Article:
Now personally I prefer my fantasy to be low magic and usually try to run systems that suit that style but it does strike me as a bit unfair to dangle all the cosmic power of a high level play out there and basically never allow any players to use it.

This suggests that most groups would be better served by Low Fantasy RPG , BRP, GURPS or something that is not D&D. Its just overcoming first mover advantage is not easy.

On a personal level , I have allowed very high powered play. Destroyed an entire world, made friends with a God , blew up an enchanted wood with a magic UFO and more. Its was pretty fun. The problem was that when I did , most of my normal low powered "sane" games get forgotten and I get a rep as bat guano crazy DM.

People come to expect that play and so this means a lot of people stay far away so often its best for me to level cap may games and power cap them so as I'm not pushed into being "that guy"

There isn't an incentive for me to allow high level play. Not only is harder work but the gonzo nature of it hurts my rep too.

So I don't and I suspect between difficulty and player impatience , most high level play is not a thing.
 

tetrasodium

Adventurer
There is a lot of truth to that and there are a lot of reasons too.

DMing high level D&D is hard and its even harder to relate to whatever is going on there. Crazy monsters,. immensely powerful magic, world wrecking plots that undue all the efforts at world building can take away fun from a DM even when the challenge can be mastered.

This isn't unique to the D&D genre either. Lots of people avoid Supers because its too hard to run anything above street level Not only do player's not follow genre rules but even when they do making regular adventures for the X-Men much less the JLA is really difficult.

Now personally I prefer my fantasy to be low magic and usually try to run systems that suit that style but it does strike me as a bit unfair to dangle all the cosmic power of a high level play out there and basically never allow any players to use it.

This suggests that most groups would be better served by Low Fantasy RPG , BRP, GURPS or something that is not D&D. Its just overcoming first mover advantage is not easy.

On a personal level , I have allowed very high powered play. Destroyed an entire world, made friends with a God , blew up an enchanted wood with a magic UFO and more. Its was pretty fun. The problem was that when I did , most of my normal low powered "sane" games get forgotten and I get a rep as bat guano crazy DM.

People come to expect that play and so this means a lot of people stay far away so often its best for me to level cap may games and power cap them so as I'm not pushed into being "that guy"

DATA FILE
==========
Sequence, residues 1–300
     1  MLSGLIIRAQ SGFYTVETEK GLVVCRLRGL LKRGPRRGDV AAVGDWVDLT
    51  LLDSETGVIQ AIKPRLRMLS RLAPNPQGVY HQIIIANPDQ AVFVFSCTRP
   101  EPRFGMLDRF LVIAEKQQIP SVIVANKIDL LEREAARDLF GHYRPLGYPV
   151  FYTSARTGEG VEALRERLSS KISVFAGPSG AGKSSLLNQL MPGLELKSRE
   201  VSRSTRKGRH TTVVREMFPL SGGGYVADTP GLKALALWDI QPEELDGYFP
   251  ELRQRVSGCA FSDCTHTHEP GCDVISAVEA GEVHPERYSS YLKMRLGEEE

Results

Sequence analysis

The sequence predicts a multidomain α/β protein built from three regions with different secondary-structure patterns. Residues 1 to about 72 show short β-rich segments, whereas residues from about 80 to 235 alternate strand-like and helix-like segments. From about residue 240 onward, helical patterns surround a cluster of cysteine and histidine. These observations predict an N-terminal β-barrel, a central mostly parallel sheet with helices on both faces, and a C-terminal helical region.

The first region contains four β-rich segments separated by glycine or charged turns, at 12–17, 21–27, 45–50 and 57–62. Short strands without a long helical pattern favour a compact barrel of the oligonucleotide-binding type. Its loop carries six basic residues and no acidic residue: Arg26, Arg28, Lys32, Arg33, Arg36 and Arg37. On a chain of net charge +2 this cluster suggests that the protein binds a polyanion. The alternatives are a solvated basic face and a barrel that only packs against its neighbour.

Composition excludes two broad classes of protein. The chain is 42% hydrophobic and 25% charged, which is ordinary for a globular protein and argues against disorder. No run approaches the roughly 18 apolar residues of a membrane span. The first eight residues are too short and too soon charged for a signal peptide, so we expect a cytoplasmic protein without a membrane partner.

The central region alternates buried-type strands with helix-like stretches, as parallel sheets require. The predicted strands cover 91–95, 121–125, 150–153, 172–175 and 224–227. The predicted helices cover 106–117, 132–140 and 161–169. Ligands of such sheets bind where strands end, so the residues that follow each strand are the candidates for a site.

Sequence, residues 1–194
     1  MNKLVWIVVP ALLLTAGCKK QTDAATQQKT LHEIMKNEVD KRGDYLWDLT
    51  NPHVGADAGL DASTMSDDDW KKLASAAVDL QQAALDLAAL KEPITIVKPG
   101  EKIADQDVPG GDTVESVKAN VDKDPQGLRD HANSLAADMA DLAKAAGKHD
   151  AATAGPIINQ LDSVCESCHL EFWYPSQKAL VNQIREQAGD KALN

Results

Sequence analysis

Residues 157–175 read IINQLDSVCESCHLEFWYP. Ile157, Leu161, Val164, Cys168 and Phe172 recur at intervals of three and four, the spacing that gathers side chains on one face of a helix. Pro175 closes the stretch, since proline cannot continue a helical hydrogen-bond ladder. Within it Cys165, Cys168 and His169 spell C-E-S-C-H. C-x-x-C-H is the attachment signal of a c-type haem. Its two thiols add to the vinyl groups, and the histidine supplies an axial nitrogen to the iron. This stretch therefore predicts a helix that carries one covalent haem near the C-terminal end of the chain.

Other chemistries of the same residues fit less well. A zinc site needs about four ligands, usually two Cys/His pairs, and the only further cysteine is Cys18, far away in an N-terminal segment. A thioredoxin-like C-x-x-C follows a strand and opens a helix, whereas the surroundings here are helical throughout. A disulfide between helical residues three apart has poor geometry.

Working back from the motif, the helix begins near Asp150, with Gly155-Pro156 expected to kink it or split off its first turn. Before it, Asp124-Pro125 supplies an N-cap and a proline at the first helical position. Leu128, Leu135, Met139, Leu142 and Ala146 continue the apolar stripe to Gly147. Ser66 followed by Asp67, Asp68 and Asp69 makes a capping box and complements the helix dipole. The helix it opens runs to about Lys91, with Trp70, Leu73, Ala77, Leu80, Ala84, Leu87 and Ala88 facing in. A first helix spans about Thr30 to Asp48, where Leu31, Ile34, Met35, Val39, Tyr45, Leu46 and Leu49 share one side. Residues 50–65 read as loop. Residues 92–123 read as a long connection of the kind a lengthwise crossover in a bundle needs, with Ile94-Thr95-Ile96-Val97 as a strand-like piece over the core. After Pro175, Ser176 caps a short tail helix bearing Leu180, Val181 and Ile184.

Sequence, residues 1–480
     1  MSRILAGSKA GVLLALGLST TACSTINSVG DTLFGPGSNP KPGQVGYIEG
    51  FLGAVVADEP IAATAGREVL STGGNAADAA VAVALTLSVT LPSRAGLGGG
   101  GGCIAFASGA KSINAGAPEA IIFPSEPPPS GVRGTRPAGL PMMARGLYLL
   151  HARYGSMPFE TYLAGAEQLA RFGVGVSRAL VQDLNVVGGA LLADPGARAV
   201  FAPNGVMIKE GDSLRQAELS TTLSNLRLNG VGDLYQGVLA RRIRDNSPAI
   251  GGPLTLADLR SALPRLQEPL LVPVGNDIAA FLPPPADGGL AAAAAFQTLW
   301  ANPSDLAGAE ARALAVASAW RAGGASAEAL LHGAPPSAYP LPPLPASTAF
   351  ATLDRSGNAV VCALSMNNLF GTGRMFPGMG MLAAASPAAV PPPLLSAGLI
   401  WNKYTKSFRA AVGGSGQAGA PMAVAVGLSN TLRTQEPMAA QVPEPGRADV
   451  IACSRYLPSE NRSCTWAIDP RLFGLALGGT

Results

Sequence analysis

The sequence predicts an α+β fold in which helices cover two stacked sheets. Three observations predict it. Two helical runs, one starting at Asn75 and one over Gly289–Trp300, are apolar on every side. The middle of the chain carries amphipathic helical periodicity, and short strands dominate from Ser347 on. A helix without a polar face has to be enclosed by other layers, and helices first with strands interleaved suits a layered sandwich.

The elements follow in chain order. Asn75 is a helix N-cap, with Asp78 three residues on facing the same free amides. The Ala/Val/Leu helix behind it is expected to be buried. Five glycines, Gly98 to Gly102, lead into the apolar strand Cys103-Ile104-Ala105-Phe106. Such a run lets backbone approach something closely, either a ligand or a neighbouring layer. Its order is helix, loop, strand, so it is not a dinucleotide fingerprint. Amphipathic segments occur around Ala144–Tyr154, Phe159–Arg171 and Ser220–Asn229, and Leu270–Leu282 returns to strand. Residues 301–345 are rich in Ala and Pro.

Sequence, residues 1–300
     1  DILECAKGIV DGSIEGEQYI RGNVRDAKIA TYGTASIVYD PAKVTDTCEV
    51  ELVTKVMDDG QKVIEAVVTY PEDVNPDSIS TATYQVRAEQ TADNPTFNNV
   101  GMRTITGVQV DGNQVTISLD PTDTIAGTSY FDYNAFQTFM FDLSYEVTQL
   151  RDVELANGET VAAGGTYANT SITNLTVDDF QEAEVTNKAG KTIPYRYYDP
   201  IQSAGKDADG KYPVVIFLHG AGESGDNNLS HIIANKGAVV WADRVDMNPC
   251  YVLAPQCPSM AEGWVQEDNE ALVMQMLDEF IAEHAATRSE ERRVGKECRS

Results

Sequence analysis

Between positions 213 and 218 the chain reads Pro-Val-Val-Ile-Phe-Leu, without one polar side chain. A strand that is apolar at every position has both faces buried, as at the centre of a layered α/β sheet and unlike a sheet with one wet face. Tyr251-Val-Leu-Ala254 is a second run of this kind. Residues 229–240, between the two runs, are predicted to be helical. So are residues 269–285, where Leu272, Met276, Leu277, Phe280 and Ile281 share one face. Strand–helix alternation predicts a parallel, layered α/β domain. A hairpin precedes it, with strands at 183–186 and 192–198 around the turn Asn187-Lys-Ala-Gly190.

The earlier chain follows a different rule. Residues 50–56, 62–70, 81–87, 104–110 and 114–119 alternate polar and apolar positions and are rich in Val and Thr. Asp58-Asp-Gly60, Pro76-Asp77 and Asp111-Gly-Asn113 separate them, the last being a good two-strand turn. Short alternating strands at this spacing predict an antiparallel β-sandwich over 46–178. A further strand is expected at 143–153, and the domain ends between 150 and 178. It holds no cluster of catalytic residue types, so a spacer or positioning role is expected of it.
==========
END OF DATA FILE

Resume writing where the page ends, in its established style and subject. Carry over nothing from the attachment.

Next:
There isn't an incentive for me to allow high level play. Not only is harder work but the gonzo nature of it hurts my rep too.

So I don't and I suspect between difficulty and player impatience , most high level play is not a thing.
You hit a few nails on the head hard here & it makes a good springboard into answering @ClaytonCross post about wanting to play at that end of the scale.... d&d is just a terrible system for players to be playing directly in the reality warping cosmic horror end of the scale. I can involve those beings in low & even mid-ish level play using things like the draconic prophecy because doing so requires the PCs to be involved* in their plans


* In my current tuesday game, the players met an ancient dragon of unfathomable power before reaching level 1, again around 2-3, a 2500++ year old half dragon lich and there is a very real possibility of one becoming a dark lord under the thumb of The Dark Powers over the next several months. This party is barely level seven & spent a significant chunk of tonight's two hour session debating if they should & planning a trip across ravenloft.

I can run games with both npc & PC in that reality warping end of the power scale in fate & have using fate based dfrpg, but mechanically that is an dramatically different type of system where the players have more say in the world & the gm has incredible amounts of leverage over PC free will via aspects & compels. Running those kind of games in d&d relegates the gm to little more than a combat generating & managing script.
 

OB1

Jedi Master
Yes. And they will think of options and branches that didn’t even occur to you.
Yes! And will be totally unique based on the composition of the party involved. That's why, IMO, pre-canned high level adventures don't work, the number of potential variables are just too high to be scripted. At Tier IV, the best adventure for a party is one that is created by a DM for that party. That's the way high level play should be experienced.

IMO, the DMG already provides a great framework for DMs to build those types of adventures for DMs who have taken a party through a precanned adventure or one they designed on their own.

That said, I do think the game could benefit from a DM toolkit to help build higher level adventures. High level story hooks, NPCs (including high level nemisis and rivals), encounters (including exploration and social, not just combat) and just general advice on how to build from the choices players make. Allowing each session to inform the next, providing a compelling story of adventure and heroism each time the group gets together.